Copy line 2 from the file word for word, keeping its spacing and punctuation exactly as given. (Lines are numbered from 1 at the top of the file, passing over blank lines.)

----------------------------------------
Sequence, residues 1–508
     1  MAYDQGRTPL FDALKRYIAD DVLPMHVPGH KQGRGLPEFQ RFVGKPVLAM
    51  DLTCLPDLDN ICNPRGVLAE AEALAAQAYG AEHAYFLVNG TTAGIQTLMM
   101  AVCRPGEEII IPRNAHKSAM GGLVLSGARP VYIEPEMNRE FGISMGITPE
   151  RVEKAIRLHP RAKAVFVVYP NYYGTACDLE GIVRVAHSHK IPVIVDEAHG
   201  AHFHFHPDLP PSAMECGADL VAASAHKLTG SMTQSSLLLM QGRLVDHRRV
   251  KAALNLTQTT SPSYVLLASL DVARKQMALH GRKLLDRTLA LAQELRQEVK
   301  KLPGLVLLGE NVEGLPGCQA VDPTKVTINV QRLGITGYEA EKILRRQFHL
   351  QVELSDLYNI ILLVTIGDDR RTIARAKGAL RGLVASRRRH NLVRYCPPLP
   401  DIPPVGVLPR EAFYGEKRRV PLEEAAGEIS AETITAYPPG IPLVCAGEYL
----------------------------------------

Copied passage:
     1  MAYDQGRTPL FDALKRYIAD DVLPMHVPGH KQGRGLPEFQ RFVGKPVLAM